Like the rest of the world, the French economy suffered a shock of unprecedented proportions in the first half of 2020
From January to March 2020, the Covid-19 epidemic spread across the world at an unexpected speed. Due to the lack of a vaccine and intensifying pressure on healthcare systems, many countries were forced to take drastic measures to slow the advance of the virus. As a result, the shock to world economic activity was brutal, and it plummeted in the first half of 2020. In the euro area, where most countries imposed lockdown measures, GDP dropped by 3.8% in the first quarter and, according to the most recent Eurosystem projections, should fall back by a further 13% in the second quarter.
France introduced a strict lockdown in mid-March. In our business assessments published at the start of April and May, we estimated an immediate reduction in activity of around 32% during the two weeks of lockdown in March, and then of around 27% in April. According to INSEE’s second estimate of the quarterly national accounts, published at end-May, GDP fell by 5.3% in the first quarter of 2020.
The decline in GDP will mechanically intensify in the second quarter, which covers six weeks of lockdown until 11 May followed by a very gradual exit. Therefore, there will be a far greater loss of activity compared with the average recorded in the first quarter, which only included two weeks of lockdown (see Chart 1). In our projections, GDP in the second quarter of 2020 is thus expected to decline by a little over 15% versus the first quarter.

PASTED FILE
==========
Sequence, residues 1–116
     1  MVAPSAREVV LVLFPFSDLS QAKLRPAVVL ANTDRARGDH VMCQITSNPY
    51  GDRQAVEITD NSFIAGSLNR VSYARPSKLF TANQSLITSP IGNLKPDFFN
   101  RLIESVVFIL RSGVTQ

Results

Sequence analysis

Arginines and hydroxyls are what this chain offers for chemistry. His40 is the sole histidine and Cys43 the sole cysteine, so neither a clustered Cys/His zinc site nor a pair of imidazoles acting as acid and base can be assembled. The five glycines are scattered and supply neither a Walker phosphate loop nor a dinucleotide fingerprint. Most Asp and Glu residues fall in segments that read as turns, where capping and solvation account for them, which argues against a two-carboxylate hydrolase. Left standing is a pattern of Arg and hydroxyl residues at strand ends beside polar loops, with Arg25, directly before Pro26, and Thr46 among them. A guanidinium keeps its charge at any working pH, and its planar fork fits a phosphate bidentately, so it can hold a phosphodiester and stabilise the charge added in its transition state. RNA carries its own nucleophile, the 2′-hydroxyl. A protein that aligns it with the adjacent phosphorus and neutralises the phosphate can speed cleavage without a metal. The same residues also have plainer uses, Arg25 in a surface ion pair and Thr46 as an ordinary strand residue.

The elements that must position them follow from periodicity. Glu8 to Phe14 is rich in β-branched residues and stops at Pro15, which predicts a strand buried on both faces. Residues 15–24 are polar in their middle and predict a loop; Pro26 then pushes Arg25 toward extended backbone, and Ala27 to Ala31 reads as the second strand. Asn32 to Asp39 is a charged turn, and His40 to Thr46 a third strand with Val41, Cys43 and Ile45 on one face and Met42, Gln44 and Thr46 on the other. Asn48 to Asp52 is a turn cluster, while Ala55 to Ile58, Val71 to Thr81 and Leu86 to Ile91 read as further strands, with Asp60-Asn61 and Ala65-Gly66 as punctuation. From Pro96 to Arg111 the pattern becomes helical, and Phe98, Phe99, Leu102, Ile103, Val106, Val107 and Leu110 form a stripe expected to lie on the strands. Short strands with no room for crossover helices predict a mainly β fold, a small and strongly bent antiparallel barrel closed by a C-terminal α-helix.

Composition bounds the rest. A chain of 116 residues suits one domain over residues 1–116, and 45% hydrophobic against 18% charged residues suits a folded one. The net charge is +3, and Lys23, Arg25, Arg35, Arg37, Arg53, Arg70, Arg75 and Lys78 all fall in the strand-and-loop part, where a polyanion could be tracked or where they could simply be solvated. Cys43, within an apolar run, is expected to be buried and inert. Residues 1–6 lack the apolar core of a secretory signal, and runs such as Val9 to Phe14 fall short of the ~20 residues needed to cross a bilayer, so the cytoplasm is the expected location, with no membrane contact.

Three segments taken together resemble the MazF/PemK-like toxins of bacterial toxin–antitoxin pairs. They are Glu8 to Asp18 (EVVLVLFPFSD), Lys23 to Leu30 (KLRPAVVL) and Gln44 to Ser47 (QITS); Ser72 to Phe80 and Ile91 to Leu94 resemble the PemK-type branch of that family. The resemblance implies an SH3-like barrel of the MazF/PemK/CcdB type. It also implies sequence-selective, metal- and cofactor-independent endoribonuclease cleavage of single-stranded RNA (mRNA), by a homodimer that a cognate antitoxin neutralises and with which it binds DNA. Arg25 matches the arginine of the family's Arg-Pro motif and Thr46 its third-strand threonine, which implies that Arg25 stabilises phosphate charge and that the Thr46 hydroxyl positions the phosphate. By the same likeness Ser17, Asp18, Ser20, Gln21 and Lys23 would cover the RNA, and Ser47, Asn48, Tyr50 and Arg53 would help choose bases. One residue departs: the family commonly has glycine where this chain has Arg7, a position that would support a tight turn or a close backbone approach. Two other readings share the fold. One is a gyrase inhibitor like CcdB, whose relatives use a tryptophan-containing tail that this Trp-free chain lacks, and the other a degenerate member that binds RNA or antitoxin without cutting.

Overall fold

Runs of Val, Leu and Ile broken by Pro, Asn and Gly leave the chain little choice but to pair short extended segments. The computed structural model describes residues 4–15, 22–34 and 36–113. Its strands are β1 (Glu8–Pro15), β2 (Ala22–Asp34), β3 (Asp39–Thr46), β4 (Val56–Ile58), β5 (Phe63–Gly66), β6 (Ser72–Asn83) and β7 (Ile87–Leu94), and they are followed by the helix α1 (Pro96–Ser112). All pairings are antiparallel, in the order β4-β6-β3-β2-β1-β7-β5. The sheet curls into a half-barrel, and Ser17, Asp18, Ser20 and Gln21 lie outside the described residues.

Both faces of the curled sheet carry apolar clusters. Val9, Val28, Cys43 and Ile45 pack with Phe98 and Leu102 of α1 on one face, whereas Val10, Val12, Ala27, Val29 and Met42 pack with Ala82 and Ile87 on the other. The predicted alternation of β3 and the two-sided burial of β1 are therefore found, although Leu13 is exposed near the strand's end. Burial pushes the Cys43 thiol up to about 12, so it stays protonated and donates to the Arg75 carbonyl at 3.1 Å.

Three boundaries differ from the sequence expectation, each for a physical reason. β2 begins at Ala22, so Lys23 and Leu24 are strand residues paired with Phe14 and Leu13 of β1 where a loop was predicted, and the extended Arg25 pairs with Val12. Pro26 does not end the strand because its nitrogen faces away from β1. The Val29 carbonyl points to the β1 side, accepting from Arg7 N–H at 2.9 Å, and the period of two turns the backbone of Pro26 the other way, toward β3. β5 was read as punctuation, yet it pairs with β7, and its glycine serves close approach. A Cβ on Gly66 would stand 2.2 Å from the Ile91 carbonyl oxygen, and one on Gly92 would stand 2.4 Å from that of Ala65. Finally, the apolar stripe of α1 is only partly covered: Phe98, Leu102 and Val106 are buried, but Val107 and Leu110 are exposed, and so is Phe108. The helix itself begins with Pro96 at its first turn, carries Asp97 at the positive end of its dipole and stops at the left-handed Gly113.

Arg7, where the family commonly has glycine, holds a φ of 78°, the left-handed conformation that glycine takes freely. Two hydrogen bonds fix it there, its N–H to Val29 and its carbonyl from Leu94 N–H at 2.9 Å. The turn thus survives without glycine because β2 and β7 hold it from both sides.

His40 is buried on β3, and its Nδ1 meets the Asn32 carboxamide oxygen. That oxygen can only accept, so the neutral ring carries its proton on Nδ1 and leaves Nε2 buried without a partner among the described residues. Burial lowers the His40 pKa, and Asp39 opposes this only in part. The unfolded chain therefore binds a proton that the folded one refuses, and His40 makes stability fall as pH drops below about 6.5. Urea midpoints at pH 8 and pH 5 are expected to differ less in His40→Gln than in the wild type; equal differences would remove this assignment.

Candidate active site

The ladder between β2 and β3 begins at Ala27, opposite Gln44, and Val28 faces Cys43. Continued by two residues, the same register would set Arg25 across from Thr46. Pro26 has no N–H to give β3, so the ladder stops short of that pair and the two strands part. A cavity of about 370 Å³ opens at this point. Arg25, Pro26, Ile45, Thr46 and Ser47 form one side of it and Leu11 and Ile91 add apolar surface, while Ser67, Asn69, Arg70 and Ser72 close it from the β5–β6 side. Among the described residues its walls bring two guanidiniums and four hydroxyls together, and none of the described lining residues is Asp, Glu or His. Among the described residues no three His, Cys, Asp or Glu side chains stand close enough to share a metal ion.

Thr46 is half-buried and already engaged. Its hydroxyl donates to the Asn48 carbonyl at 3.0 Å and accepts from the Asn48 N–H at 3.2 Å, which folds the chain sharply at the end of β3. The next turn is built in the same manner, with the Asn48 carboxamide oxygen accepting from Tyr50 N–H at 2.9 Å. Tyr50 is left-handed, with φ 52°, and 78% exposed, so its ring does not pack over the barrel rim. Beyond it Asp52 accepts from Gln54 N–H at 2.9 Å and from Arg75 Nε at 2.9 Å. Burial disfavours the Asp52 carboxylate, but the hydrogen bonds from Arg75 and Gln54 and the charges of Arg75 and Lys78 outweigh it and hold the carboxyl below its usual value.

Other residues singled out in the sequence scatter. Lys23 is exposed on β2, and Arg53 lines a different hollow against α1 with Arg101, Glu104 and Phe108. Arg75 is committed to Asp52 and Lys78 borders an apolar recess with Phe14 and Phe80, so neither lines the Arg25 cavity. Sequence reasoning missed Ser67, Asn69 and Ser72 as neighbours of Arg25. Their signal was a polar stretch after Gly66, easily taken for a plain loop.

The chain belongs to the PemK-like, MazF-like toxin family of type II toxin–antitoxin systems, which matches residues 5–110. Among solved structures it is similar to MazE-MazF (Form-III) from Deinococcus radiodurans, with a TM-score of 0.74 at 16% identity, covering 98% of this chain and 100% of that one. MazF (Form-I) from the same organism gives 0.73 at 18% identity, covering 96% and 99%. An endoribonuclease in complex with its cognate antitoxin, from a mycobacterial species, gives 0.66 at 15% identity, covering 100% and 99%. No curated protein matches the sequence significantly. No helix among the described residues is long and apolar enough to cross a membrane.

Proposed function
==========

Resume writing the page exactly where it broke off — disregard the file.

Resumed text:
This second-quarter trajectory was finalised on 25 May. It is consistent with the economic information that has since become available, particularly the Banque de France surveys published today, which suggest a loss of activity of 17% at end-May, coming back to a loss of around 12% at-end June. Furthermore, these projections were constructed on the basis of the INSEE quarterly accounts published at the end of April and do not take into account the detailed first-quarter accounts (together with the annual accounts for 2019) which were published on 29 May and in which GDP growth was revised upwards from –5.8% to –5.3%. Given the size of the decline expected in the first half, this revision would only have a marginal effect on our projections.
Assuming reduced but continuing disruptions during the second half of 2020, GDP for the entire year is expected to decline by more than 10%
For the second quarter of 2020, we can still base our estimate of the loss of activity on available information, particularly that from our business surveys. Beyond this horizon, we have to apply assumptions. With regard to the international and financial environment (see Table A in the appendix), our projections are based on those of the Eurosystem, finalised on 18 May and published on 4 June for the entire euro area. After the economic and public health shocks that varied in their timing and scale at the beginning of 2020, the economic constraints associated with the circulation of the virus should become more uniform for the different euro area countries (see Chart 1).
In terms of public health and economic developments, we mainly apply two assumptions.
First, the virus will continue to circulate and therefore hinder the rebound in economic activity. However, we do not factor in any new deterioration that would necessitate reintroducing a strict lockdown.